Can religious tolerance help an aspiring Muslim power?

Why We Wrote This

The UAE has long had warm feelings toward non-Muslims who helped build it up from its humble beginnings. But interfaith tolerance is still an asset. It sends an important message of shared values with Western allies.

Taylor Luck
A vendor at a shop adjacent to the Dubai Hindu temple sells a ready-made prasadam offering plate to a temple-goer in Dubai, United Arab Emirates, Feb. 22.

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Sheikh Nahyan bin Mubarak, a member of the United Arab Emirates’ ruling family, drops the word “tolerance” so frequently it sounds like a mantra. His grandfather offered land for the first church in the Emirati capital as the ruler of Abu Dhabi more than a half-century ago. “We have a history of living alongside the other and respecting the other, and we don’t want to take this for granted,” Sheikh Nahyan says.

Owing to the arrival of migrants from across the world, the UAE has become a seamless meeting place of faiths and cultures. And it is billing itself as an interfaith leader, having declared 2019 to be a national “year of tolerance” that was headlined with a visit by Pope Francis in Abu Dhabi in February. Its neighbors and close allies are less tolerant. Saudi Arabia has banned the building of churches or temples.

As the UAE emerges as a leading military and economic power in the region, its leadership is committed to pushing a friendly, tolerant image to the world. Showing it is open to other religions is not only good for business; it also sends the message that the UAE shares values with its Western allies.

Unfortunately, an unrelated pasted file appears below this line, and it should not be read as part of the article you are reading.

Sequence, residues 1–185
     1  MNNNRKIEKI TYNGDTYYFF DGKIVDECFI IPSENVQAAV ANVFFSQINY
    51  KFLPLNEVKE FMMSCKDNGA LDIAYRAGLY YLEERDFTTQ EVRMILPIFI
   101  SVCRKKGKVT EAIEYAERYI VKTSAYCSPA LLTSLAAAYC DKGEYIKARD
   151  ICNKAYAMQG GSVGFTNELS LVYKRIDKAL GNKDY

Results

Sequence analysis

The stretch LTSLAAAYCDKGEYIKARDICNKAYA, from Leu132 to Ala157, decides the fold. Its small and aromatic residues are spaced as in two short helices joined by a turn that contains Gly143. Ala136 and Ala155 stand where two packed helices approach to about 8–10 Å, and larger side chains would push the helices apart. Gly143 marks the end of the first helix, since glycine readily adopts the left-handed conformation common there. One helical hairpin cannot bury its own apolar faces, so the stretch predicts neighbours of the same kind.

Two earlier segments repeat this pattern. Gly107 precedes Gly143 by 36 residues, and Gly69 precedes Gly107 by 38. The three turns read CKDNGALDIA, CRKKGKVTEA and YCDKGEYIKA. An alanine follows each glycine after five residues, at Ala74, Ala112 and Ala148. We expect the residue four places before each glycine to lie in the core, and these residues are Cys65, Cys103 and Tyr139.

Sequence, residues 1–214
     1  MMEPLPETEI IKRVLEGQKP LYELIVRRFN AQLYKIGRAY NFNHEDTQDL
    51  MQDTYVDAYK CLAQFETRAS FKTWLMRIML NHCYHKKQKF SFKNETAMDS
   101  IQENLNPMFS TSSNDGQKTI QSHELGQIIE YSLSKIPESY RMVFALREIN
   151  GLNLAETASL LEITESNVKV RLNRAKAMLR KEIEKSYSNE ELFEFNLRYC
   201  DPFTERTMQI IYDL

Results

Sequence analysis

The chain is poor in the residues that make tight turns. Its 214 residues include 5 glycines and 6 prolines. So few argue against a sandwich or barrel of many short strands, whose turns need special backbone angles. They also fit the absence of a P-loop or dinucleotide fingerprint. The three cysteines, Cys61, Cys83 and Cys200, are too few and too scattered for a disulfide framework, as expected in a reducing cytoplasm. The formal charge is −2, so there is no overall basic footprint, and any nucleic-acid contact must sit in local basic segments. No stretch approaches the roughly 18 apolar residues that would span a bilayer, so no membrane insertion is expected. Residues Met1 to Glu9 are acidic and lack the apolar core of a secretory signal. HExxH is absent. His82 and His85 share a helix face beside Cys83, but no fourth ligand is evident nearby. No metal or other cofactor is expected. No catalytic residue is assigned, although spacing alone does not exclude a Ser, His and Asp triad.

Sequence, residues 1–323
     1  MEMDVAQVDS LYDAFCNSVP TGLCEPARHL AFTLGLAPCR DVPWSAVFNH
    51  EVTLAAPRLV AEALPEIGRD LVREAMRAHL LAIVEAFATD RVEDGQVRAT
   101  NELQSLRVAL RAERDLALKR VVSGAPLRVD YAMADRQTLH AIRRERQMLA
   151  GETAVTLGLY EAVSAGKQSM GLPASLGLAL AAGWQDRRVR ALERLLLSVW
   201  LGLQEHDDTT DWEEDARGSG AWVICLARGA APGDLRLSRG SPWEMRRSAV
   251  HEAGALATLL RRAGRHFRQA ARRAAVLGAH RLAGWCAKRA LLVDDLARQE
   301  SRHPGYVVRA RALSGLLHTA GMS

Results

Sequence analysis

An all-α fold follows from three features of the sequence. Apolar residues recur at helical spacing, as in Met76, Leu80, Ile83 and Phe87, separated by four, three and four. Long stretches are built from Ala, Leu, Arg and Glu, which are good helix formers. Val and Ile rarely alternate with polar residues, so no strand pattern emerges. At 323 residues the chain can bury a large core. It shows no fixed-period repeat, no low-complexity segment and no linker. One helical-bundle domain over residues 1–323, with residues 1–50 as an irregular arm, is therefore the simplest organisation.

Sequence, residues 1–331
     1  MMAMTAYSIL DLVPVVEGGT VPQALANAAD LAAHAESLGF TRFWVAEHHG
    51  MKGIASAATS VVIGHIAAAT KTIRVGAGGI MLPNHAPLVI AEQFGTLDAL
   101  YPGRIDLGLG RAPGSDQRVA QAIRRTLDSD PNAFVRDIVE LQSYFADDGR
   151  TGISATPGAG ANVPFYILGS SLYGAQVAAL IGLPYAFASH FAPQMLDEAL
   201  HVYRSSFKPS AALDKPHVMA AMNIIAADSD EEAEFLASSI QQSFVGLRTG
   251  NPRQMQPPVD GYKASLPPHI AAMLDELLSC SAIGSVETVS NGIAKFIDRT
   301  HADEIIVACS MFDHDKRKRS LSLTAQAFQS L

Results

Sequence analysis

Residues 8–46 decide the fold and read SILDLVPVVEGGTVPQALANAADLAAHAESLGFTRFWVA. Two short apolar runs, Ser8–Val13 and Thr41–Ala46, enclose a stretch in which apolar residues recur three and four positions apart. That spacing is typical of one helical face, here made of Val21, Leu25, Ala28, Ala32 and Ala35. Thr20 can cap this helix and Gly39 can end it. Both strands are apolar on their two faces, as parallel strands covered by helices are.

Indian women in saris carefully place candles at an outdoor grotto of the Virgin Mary and kneel in prayer as couples from Uganda and Nigeria pour into the nearby chapel.

Arab Chaldeans, Maronites, and Latin Catholics laugh together as they enter a unified Arabic-language Catholic church service; Egyptian and Sudanese families gather in front of the next-door Coptic church; and English expats head into the Anglican church.

Pakistani bus drivers snap pictures with their phones as 15 Filipino brides and grooms pose for wedding photos outside St. Joseph’s Church ahead of their mass wedding.

All the while, Filipinos line up for mashed purple yam cakes and polvorón shortbread at an outdoor bake sale in the church courtyard, with the Islamic call to prayer from the neighboring Jesus Son of Mariam Mosque ringing out overhead.

This is not an international festival; it’s a Sunday in Abu Dhabi.

Owing to the arrival of migrants from across the world, the collection of tiny Arab Emirates at the tip of the Persian Gulf – an international financial powerhouse and a growing diplomatic and military power in the Arab world – has become a seamless meeting place of faiths and cultures.

The United Arab Emirates is also billing itself as an interfaith leader, having declared 2019 to be a national “year of tolerance” that was headlined with a visit by Pope Francis in Abu Dhabi in February – the first-ever papal visit to the Gulf in the history of the Roman Catholic Church.

But even as this oil-rich country’s rulers promote harmony, the country’s ultraconservative laws strictly forbid these faithful from seeking to convert Muslims or from publicly displaying crosses. Its neighbors and close allies promote an austere interpretation of Islam with less tolerant attitudes toward other organized religions. Saudi Arabia, its closest ally, has banned the building of churches or temples.

The lure of the Islamic State group remains for some in the region, while an uneasy gray area exists between violent extremist movements and conservative Muslim televangelists who dominate Gulf airwaves and are suspicious of other faiths.